The framework will explain what skills and abilities are needed for each position – all job specifications are open, so employees can see what experience is required to get promoted – and if an employee wants to get ahead in the organisation the company will help them to acquire the necessary skills. As well as aiding retention, Chris Taylor, talent acquisition manager at SABMiller, thinks the framework will help to boost staff engagement.
Taylor says: “If we don’t communicate this to staff, we find they get frustrated and leave,” which is something the business has suffered from in the past. He adds the framework will ensure that the company considers internal talent for promotion before looking externally to fill more senior roles.
He also believes in investing in junior roles. “For organisations like us, ‘growing your own’ is an absolute requirement – we don’t steal junior staff from our competitors, or smaller firms, as the training cost to us is a lot lower than it would be to a small firm.”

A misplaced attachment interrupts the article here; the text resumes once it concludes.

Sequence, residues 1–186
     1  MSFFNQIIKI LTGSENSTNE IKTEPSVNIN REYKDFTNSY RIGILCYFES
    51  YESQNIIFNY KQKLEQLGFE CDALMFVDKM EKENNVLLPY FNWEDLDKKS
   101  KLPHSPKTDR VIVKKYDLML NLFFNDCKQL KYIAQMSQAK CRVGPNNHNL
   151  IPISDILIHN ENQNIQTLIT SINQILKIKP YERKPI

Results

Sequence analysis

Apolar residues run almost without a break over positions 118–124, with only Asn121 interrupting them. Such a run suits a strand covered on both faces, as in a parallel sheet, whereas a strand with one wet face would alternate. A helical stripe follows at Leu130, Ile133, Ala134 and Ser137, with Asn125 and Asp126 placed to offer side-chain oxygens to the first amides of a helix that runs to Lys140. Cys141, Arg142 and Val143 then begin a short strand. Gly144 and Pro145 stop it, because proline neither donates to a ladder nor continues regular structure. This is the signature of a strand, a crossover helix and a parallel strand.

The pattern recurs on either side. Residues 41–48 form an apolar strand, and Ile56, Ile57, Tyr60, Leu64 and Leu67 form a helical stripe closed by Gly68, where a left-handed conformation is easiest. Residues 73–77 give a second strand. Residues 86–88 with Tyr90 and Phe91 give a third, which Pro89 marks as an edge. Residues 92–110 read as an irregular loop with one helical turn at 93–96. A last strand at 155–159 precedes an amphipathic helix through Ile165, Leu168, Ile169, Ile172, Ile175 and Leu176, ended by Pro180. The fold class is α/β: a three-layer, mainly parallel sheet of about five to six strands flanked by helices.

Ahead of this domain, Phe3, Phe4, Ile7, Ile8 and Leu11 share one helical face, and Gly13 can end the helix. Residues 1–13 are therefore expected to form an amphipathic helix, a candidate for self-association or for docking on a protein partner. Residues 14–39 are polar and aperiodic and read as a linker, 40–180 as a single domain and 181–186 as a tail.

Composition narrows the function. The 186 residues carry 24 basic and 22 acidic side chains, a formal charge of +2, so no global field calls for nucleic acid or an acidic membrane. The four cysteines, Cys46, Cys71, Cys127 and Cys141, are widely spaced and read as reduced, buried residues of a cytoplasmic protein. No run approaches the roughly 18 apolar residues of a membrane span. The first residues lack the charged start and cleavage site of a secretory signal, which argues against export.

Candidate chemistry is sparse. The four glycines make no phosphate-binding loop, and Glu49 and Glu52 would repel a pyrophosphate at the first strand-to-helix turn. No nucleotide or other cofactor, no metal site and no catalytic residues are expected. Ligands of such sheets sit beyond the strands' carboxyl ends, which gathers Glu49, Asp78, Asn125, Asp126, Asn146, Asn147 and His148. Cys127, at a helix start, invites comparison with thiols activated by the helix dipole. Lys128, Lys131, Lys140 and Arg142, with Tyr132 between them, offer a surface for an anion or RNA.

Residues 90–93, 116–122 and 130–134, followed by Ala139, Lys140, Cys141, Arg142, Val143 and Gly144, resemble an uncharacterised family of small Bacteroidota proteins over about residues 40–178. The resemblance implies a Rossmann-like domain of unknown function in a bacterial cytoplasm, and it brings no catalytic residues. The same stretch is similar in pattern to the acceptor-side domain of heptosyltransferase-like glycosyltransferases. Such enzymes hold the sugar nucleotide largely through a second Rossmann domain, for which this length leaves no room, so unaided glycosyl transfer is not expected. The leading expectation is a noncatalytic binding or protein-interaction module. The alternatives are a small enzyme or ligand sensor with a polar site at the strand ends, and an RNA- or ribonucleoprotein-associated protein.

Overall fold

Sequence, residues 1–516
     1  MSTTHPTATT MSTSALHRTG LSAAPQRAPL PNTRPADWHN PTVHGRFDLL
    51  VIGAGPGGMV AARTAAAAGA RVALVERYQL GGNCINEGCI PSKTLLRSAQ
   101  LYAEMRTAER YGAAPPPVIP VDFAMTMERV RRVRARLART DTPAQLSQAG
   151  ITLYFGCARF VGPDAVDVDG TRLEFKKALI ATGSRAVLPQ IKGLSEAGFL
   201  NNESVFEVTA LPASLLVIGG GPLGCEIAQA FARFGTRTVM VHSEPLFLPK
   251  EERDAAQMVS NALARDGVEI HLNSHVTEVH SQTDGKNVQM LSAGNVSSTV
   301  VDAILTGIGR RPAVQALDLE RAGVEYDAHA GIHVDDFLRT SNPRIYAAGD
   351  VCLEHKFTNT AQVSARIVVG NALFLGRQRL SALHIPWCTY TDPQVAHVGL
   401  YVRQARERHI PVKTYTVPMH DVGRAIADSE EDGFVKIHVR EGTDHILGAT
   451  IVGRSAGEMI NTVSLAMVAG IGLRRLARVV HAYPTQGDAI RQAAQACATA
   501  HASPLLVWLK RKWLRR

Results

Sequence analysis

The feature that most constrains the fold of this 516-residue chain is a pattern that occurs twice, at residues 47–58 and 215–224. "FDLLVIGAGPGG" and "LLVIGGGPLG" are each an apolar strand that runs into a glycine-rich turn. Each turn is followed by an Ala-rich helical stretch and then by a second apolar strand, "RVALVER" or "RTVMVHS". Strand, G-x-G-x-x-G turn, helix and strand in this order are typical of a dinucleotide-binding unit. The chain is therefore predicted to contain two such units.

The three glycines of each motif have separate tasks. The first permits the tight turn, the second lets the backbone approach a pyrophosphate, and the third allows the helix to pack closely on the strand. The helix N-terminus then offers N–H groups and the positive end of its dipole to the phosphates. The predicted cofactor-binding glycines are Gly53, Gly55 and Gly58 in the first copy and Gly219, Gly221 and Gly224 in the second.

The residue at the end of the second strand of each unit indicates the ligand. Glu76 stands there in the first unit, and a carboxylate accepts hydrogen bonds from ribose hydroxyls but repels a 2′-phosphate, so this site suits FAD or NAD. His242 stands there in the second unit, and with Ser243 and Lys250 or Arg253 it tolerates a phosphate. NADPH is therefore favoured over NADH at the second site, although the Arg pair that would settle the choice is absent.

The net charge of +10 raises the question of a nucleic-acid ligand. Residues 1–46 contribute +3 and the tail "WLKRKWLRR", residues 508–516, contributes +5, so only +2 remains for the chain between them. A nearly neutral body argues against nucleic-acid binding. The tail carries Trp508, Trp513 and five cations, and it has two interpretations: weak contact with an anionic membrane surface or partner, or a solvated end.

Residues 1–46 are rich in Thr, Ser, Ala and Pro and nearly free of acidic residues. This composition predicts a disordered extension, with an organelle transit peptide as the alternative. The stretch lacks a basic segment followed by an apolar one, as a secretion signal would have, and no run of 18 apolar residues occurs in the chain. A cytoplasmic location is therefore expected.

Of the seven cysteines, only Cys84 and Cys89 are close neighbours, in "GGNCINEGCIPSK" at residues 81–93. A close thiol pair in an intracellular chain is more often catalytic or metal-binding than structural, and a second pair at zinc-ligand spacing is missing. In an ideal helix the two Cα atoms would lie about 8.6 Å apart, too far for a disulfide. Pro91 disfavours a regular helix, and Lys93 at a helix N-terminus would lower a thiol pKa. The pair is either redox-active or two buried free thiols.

When it comes to external hiring, Taylor wants “real experts”. “We are building our procurement function and want it to be better than before,” he says.
In his experience, most procurement professionals in the UK don’t have international experience, so Taylor looks to Switzerland and Germany where there is a wider selection of people who are more technically qualified.
Nicky Taberner, procurement and supply chain director at Hays Procurement, says employers are right to focus on retention, but is concerned they do so in reaction to a resignation rather than as a proactive part of their talent management strategy.
Andrew Croston, CPO at Fujitsu, has been developing such a strategy since he joined the company 18 months ago. The company is currently training around 200 apprentices, two of whom are in procurement, with one more anticipated later this year. It also runs a graduate scheme.